Royal Chitwan National Park

Royal Chitwan Jungle Safari

Chitwan, to reiterate, comes from the full name Chituwa Ban, meaning "Leopard Forest". It is also believed to have originated from Chitta Ban, or "Heart or deep of the jungle". Another legend has it that the name of this tropical valley comes from Sita Ban, meaning "Sita's forest". Sita was the consort of Lord Ram, the hero of the great Hindu epic Ramayana. Royal Chitwan National Park was officially established in 1973. It was included as a World Heritage Site in 1984 in recognition of its focus on people-and-park harmony and the contributions it has made to the replication model on conservation and sustainable development in Nepal and the world.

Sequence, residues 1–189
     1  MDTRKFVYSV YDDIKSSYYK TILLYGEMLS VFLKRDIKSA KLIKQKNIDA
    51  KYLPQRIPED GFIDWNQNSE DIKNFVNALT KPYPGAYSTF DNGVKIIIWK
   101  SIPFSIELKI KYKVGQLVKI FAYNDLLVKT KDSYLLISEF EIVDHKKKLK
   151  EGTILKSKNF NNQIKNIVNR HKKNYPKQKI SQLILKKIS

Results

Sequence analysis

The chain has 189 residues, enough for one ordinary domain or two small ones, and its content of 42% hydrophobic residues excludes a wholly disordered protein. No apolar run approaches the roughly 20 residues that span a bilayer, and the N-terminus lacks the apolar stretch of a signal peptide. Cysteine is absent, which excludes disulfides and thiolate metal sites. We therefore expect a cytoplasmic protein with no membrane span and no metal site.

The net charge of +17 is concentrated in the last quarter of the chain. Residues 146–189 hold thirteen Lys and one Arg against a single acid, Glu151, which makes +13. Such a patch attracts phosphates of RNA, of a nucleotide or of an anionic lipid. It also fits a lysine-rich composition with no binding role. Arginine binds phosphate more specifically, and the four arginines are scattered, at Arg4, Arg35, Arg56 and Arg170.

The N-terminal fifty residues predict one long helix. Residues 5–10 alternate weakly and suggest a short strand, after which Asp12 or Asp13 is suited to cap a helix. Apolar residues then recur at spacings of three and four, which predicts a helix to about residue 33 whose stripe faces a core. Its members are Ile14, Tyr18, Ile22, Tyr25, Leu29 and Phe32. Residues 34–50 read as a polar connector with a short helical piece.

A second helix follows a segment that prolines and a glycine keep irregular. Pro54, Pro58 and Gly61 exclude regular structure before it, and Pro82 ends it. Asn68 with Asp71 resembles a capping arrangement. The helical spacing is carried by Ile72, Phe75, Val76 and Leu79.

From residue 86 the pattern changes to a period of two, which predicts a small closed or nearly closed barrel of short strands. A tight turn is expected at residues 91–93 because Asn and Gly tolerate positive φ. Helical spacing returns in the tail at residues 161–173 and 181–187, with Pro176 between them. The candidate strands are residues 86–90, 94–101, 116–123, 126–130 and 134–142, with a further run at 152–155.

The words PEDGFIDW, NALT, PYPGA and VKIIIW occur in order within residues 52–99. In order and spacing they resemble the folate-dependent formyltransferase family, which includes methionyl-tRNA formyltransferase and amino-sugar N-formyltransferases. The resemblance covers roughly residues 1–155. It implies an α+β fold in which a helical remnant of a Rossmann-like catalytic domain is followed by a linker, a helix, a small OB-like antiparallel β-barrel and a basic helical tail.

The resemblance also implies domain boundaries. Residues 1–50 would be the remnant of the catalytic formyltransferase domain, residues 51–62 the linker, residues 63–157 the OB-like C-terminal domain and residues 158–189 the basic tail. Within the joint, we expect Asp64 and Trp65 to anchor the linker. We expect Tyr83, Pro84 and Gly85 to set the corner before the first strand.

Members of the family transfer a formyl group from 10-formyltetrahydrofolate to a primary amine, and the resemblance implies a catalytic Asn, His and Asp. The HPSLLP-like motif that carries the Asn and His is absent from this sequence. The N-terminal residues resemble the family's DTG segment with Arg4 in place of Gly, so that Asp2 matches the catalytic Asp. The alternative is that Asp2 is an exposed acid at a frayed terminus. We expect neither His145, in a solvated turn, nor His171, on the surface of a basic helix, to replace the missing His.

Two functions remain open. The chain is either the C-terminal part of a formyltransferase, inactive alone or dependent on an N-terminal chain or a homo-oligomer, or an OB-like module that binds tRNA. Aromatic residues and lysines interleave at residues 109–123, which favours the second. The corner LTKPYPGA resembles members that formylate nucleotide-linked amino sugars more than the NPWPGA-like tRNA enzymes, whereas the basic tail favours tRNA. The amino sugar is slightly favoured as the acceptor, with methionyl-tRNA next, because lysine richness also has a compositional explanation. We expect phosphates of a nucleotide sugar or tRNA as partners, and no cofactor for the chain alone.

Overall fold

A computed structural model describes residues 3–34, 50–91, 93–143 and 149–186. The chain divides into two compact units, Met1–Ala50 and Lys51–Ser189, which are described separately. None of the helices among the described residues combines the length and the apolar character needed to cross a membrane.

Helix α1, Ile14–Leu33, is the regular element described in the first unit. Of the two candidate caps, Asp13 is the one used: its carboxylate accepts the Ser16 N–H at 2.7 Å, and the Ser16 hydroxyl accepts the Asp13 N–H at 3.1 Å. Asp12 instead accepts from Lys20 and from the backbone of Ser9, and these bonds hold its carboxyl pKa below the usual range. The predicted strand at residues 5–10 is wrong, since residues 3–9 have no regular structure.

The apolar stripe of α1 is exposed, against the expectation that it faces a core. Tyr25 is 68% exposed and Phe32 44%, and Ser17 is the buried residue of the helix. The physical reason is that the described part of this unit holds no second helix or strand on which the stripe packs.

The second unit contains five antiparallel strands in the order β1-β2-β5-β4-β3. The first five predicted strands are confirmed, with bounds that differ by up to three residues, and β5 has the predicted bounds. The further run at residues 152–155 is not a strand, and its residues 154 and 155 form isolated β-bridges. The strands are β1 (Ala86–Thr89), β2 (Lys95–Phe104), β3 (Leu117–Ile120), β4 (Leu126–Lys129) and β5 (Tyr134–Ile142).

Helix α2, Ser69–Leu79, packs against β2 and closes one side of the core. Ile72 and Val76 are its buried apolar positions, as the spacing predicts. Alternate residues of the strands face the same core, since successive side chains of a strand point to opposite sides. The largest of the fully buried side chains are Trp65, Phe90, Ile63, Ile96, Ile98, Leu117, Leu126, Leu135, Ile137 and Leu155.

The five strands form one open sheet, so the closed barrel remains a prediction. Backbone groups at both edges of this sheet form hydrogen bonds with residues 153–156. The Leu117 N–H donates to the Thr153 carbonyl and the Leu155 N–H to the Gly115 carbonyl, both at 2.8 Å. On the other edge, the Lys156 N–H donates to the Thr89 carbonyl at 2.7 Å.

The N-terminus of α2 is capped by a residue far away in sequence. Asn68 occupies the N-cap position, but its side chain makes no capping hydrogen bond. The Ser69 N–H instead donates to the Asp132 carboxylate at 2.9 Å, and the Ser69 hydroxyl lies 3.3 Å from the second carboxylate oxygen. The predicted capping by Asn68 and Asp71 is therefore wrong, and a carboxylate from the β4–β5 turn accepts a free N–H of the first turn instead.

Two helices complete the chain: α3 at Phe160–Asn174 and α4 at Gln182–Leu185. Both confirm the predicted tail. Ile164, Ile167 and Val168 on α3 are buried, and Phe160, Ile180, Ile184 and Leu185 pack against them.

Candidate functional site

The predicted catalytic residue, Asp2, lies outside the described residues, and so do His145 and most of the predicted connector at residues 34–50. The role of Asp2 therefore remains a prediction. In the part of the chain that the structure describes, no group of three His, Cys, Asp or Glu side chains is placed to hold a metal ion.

The Park is situated 140 kms south west of the Kathmandu Valley in the fertile Chitwan valley. It covers an area of approximately 932 sq. km. Two rivers, Narayani and Rapti, drain the park. The park covers sub-tropical jungles, elephant grasslands, hilly areas and floodplains. With an average rainfall of about 2,400-mm annually, the Royal Chitwan National Park is a paradise for animals and birds. Some of the rare species of animals found there are the Asian one horned rhino, gharial and mugger crocodiles, leopard and the rare Royal Bengal tiger. Chitwan is also a sanctuary for more than 450 species of birds. It is also a favorite transit territory for migratory birds such as cranes and ducks which come here, some from as far as Siberia and Tibet, to inhabit the numerous lakes and ponds of the park and its range in the winter months. This makes the park a perfect host for bird watchers and nature lovers.

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